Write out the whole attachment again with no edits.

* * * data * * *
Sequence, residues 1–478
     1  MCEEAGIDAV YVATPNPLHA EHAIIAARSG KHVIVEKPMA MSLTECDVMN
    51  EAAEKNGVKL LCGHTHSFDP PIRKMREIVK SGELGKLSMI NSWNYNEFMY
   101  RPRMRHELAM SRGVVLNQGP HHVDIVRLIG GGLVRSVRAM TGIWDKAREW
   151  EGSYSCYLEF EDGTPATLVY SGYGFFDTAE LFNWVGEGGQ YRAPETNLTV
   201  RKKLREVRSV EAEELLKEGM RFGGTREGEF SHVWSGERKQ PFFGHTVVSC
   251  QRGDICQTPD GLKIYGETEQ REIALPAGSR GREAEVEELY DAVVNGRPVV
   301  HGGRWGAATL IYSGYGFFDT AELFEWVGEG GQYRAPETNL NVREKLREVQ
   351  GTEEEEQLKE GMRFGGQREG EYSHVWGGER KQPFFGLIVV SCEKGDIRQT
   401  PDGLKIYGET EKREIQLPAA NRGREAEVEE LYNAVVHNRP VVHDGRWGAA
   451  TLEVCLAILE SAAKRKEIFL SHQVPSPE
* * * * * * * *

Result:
Sequence, residues 1–478
     1  MCEEAGIDAV YVATPNPLHA EHAIIAARSG KHVIVEKPMA MSLTECDVMN
    51  EAAEKNGVKL LCGHTHSFDP PIRKMREIVK SGELGKLSMI NSWNYNEFMY
   101  RPRMRHELAM SRGVVLNQGP HHVDIVRLIG GGLVRSVRAM TGIWDKAREW
   151  EGSYSCYLEF EDGTPATLVY SGYGFFDTAE LFNWVGEGGQ YRAPETNLTV
   201  RKKLREVRSV EAEELLKEGM RFGGTREGEF SHVWSGERKQ PFFGHTVVSC
   251  QRGDICQTPD GLKIYGETEQ REIALPAGSR GREAEVEELY DAVVNGRPVV
   301  HGGRWGAATL IYSGYGFFDT AELFEWVGEG GQYRAPETNL NVREKLREVQ
   351  GTEEEEQLKE GMRFGGQREG EYSHVWGGER KQPFFGLIVV SCEKGDIRQT
   401  PDGLKIYGET EKREIQLPAA NRGREAEVEE LYNAVVHNRP VVHDGRWGAA
   451  TLEVCLAILE SAAKRKEIFL SHQVPSPE